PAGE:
As an example, a tried and tested implementation of Little’s Law is TCP’s flow control strategy. Irrespective of the number of packets that are pending to be sent, the number of in-flight packets at any time is bounded by the size of the window, ensuring that there is a limit on the number of in-flight packets over the network so as not to overwhelm the receiver or the network. Unlike TCP, the number of requests made to our services cannot be flow controlled. Hence the service itself must shed load as a defence mechanism against surges in demand or degraded service time of dependent services. Limiting the number of concurrent requests is the first step in that direction.

#2 Bounded queueing time

After coming into the system, a request spends some time in a queue before it can be served (depending on how loaded the system is) and once it is picked up, a thread calls the application handler function to generate the response. The time to process a request is:

R = W + S

R = Total time taken to respond to a request
W = Time spent in the request queue
S = Time taken by the handler to process the request

In a billing counter, the time to process each customer’s bill may be a constant value of 5 minutes, but the time observed by a customer can be a lot more if there are many people waiting in line.

Request processing does not begin until the server container can provide a thread to process it. Therefore, the client can see a much longer timeout than the application handler. During traffic congestion, the time a request spends in the queue can become the dominant factor in the total time taken to get a response. If a request has spent too long in the queue, it means that there were many pending requests before it which server could not respond to fast enough.

The term “goodput” is used to refer to the amount of actual or useful work that a service is able to do, while “throughput” is a term used to refer to the amount of work that is demanded of the service. As the service takes on more and more work, the response time increases to the point that no request can be responded to within the client’s timeout. At this point, although the service is doing a lot of work, its goodput is close to zero as is depicted in the following diagram. In the context of load shedding, increased queueing time is a strong indication that the system is under load and if left unchecked, it can affect the quality of service severely.

When the demanded throughput of a system increases beyond a certain value, the server’s response time becomes too high and clients stop waiting for the response. This means that although the server is working on requests, it is not useful to the client, so the amount of actual useful work, ie goodput, of the server falls. https://aws.amazon.com/builders-library/using-load-shedding-to-avoid-overload/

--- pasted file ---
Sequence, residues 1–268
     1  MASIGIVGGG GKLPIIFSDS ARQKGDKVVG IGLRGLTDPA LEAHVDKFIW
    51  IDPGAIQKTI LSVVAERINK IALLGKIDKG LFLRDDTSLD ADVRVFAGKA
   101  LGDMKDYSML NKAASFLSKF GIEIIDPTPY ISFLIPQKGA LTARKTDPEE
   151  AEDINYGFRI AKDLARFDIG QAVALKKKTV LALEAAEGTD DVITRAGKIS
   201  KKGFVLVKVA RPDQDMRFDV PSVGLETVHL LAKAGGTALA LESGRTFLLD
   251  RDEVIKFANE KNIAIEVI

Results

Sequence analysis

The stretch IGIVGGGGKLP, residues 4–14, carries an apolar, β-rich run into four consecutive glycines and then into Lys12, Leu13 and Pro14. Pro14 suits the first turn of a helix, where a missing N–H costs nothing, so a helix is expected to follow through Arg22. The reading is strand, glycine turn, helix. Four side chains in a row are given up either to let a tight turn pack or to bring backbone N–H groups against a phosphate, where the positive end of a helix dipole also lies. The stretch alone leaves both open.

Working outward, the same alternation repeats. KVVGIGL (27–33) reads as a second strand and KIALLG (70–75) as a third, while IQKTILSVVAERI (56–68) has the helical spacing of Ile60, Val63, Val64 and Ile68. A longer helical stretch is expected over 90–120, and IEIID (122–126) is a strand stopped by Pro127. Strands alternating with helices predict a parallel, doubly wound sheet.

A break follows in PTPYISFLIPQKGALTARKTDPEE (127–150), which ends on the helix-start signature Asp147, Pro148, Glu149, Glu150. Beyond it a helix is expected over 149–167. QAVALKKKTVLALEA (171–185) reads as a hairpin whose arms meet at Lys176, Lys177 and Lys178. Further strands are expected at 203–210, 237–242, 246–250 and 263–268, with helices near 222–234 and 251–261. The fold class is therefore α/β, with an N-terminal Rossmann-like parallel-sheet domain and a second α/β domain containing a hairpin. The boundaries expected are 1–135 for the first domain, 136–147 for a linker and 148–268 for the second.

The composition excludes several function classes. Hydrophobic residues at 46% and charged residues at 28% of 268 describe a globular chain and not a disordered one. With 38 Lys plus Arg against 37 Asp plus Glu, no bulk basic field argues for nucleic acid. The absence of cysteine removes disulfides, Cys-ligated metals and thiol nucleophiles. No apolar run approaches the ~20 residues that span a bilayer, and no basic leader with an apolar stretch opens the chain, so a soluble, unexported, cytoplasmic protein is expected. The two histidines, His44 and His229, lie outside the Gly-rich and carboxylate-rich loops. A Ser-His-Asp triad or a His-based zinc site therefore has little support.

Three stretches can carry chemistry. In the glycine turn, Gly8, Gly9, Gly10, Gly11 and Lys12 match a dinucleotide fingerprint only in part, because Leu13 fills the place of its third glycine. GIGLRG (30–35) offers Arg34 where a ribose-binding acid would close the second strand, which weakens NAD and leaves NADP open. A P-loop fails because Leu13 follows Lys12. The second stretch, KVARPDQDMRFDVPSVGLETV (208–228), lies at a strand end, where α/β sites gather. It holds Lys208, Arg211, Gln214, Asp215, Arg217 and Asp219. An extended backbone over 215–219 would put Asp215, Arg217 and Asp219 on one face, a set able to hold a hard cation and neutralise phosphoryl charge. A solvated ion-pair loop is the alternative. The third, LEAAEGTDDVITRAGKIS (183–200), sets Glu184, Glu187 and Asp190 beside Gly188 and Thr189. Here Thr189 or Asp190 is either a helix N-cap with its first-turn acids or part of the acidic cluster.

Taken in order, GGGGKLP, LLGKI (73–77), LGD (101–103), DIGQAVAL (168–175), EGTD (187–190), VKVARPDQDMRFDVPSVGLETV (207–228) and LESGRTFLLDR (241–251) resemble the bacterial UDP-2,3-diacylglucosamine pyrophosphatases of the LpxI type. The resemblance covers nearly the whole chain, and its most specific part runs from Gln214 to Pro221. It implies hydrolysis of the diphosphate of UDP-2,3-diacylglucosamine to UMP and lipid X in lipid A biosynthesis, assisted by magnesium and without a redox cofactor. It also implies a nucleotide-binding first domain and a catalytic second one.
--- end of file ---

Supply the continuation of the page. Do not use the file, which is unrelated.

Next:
#3 Disaster recovery by unblocking clients

If the service is too busy processing enqueued requests, then recovery from a surge load will not be possible until all requests in the queue are finished processing, which can take a long time depending on the length of the queue. It is important to preempt requests that have already spent too long in the request queue by responding to the client with a graceful error code in order to make room available for the service to process new incoming requests. This is similar to diverting vehicles away from major crossroads during a traffic jam in order to prevent a complete shutdown of every street in the city.

Moreover, clients may choose not to implement timeouts or have very high timeouts, which can hold up system resources until the request can be processed. A typical web-scale application backend doesn’t expose itself directly to the client. A request may have to traverse multiple load balancers and request routing proxies to finally reach the origin service which can process the request. The following diagram depicts Facebook’s end-to-end infrastructure of a similar nature.

End-to-end infrastructure at Facebook, taken from “Zero Downtime Release: Disruption-free Load Balancing of a Multi-Billion User Website” by Usama Naseer, et. al.

During traffic congestion, each component in a system like this will be facing the problem of accumulation of requests. It is imperative to detect when downstream request processing is taking too long in order to prevent system resources being held for too long.

Irrespective of whether the client implements a timeout on its own, each layer in the cloud infrastructure should implement a means of closing client connections to free up system resources in order to make room for serving new requests.


It is absolutely critical for live scalable systems to think about high-load scenarios and design for the top 1% of a service’s uptime which often cause much bigger incidents. To sum up:

  1. Capacity planning is an important aspect of productionising services and a service should not take up load it is not designed to sustain.
  2. Increasing load can cause the goodput of a service to fall to zero.
  3. It is important to limit the number of requests that are concurrently being served and shed load when there are too many requests.
  4. Queueing time is a significant portion in the response time from a loaded server. During traffic congestion, truncating the queue size is necessary to recover from degradation.
  5. Clients should be unblocked to free upstream connections.
  6. It is better to fail gracefully than become completely unresponsive or initiate a cascading effect of failure on dependent systems.

The theme that we touched upon in this post is that every system, however performant, has its limit on the amount of work that it can do at a time. While performance enhancements can stretch the limit, it is a fallacy to think that there is no limit or to think that there is no chance of hitting that limit. Data centres today consume about 2% of electricity worldwide and it is postulated that it could rise to 8% of the global total by 2030. Much of that energy bill is because systems are trying to push the frontiers of their current capability and capacity. Acknowledging this capacity limit and planning for when it is breached makes services robust and resilient.

Load shedding is a strategy to plan for the scenario when the capacity limit for a service is approached or exceeded. It is necessary, therefore, to know the capacity of a service before productionising it. In our effort to prevent a wider incident, knowing a service’s capacity and defining its behaviour when that capacity is exceeded is not just good engineering practice, but it is also returning the commitment users made to us by using our services.

When capacity limits are breached, well-built services should respond to clients with reasonable error messages, protect itself and its dependencies, and have the ability to alert, if needed.

This is a two-part series. In the next post, we will implement our load shedding strategy and corroborate it with experiments.




Engineering blog for Helpshift